What are the Abels in Tasmania?

Tasmania, Australia’s rugged island state, is a hiker’s paradise. But for those seeking an extra challenge, there’s a special summiting list that beckons: The Abels. Named after Bill Wilkinson, who drew inspiration from Scotland’s Munros, these peaks are Tasmania’s crowning jewels, demanding both physical and mental fortitude.

What are the Abels

What are the Abels?

The Abels are a collection of 158 mountains exceeding 1100 meters (3609 feet) in elevation and standing proudly above their surroundings with at least a 150-meter (492 feet) prominence. These aren’t mere hills; they’re teeth in the spine of Tasmania’s wild landscapes, ranging from granite giants like Cradle Mountain to the dolerite sentinels of the South West wilderness.

Climbing all the Abels is part of the Tasmanian peakbagging movement. It’s a badge of honor for Tasmanian and international hikers alike. It’s not just about ticking off summits; it’s about enduring diverse terrains, battling unpredictable weather, and experiencing the raw beauty of Tasmania’s wilderness. Some Abels are day hikes, offering breathtaking views within reach. Others demand multi-day expeditions, testing your camping skills and resilience against the elements.

What Makes a Tasmanian Mountain

What Makes a Tasmanian Mountain an “Abel”?

Defining a mountain can be tricky, especially when you’re dealing with a diverse and rugged landscape like Tasmania. But in the 1960s, Tasmanian bushwalker Bill Wilkinson set out to do just that. He wanted to create a list of the state’s true mountains, distinct from mere hills or elevated plateaus.

Wilkinson’s quest for a definitive list of Tasmanian mountains led him to consider several key factors:

  • Defining a mountain: What distinguishes a mountain from a hill or plateau?
  • Prominence: Should only the most prominent and distinct peaks be included?
  • Objectivity and simplicity: The criteria should be clear, measurable, and easy to apply.

After careful deliberation, Wilkinson devised a two-pronged approach to identify Tasmania’s authentic mountains:

  1. Minimum height: A mountain must reach at least 1,100 meters. This sets a reasonable threshold, ensuring only significant peaks qualify. For reference, Mount Ossa, the highest point in Tasmania, stands at 1,617 meters (5,305 feet).
  2. Prominence: A mountain within the 1,100-meter threshold must have a minimum drop of 150 meters on all sides before reaching higher ground. This eliminates subsidiary peaks and plateaus, highlighting the most distinct and prominent features.

Wilkinson termed these qualifying peaks “Abels,” a nod to Abel Tasman, the first European explorer to sight the island’s mountainous terrain in 1642. His logbook contains numerous sketches of the peaks he observed from his ship along the Tasmanian coast. Applying these criteria, Wilkinson meticulously analysed maps and compiled a list of 158 Tasmanian peaks that met the “Abel” designation. He documented his findings in the “Abel Tables,” a valuable resource for walkers and outdoor enthusiasts seeking to climb these unique Tasmanian summits.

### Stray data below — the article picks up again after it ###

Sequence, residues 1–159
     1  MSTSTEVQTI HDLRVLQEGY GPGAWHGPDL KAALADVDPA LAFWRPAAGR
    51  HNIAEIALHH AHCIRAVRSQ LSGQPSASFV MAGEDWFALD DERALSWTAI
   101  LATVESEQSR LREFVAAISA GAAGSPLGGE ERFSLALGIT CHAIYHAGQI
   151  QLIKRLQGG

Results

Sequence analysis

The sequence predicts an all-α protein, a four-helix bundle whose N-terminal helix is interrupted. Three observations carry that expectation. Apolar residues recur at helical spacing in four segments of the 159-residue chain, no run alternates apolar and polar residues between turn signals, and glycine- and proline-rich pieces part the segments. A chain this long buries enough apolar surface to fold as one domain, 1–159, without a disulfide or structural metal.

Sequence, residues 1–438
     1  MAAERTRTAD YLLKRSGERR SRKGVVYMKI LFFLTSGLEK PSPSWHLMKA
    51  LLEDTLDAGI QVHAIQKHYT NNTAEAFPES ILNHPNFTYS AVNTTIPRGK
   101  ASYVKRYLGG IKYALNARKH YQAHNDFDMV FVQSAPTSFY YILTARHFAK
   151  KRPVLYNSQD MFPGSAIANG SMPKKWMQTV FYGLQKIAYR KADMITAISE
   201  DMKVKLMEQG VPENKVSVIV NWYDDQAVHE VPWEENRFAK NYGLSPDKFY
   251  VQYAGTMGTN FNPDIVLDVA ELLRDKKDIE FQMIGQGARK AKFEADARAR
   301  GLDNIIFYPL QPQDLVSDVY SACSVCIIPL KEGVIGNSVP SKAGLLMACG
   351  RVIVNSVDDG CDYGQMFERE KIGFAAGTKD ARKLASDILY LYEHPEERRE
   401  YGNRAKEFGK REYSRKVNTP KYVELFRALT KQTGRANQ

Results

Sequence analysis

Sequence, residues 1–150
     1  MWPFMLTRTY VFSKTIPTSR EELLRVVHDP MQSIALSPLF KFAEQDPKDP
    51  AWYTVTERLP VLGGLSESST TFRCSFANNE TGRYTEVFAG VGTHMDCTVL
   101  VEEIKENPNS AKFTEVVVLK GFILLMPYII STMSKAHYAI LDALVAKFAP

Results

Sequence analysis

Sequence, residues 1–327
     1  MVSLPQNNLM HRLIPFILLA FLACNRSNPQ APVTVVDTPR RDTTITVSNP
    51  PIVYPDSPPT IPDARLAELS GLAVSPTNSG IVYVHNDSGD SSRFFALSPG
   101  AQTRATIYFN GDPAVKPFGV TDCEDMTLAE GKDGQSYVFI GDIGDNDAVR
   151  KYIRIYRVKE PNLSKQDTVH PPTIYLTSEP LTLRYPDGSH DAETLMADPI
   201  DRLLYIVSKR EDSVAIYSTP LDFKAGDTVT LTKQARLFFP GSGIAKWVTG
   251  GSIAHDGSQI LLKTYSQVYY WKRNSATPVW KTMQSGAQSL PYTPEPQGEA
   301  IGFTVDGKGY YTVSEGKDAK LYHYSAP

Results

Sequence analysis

Significance of the Abels

The Significance of the Abels

For walkers and mountaineers, the Abels offer a finite and achievable challenge. Each peak presents a unique experience, with varying levels of difficulty and stunning scenery. The “Abel Tables” and accompanying “Abel Guides” provide valuable information for planning and undertaking Abel ascents, ensuring a safe and rewarding adventure for all skill levels.

Wilkinson’s “Abel” classification system provides a clear and objective approach to identifying Tasmania’s authentic mountains. It celebrates the island’s unique topography and offers a framework for exploration and appreciation of these awe-inspiring natural landmarks.

Many of the Abels are extremely remote, requiring a lengthy hike into the South West Wilderness, including Federation Peak and Precipitous Bluff. The first person to climb all 158 peaks was in Philip Dawson in 2011, and the first woman was Maureen Martin in 2017.

The Top 10 Abels

The Top 10 Abels

Whether you wish to ascend a few Abels, lots of Abels, or all of them, is entirely personal preference. To help get you started, here’s a glimpse of the top 10. Visit The Abel Mountains website for more information and the complete list of the Abels in Tasmania.

  1. Mount Ossa (1617m)
  2. Legges Tor (1575m)
  3. Mount Pelion West (1560m)
  4. Barn Bluff (1559m)
  5. Cradle Mountain (1545m)
  6. Stacks Bluff (1528m)
  7. Du Cane Range High Point (1520m+)
  8. Mount Massif (1514m)
  9. King Davids Peak (1499m)
  10. Mount Gould (1485m)

Climbing Abels is a journey into the soul of rugged independence. Treasure every step, for the sights, sounds, and scents of this untamed landscape may be fleeting.

1 thought on “What are the Abels in Tasmania?”

  1. So tempting to move to Tassie. While I’m not ambitious enough to want to experience the entire list, I have ticked off quite a few.

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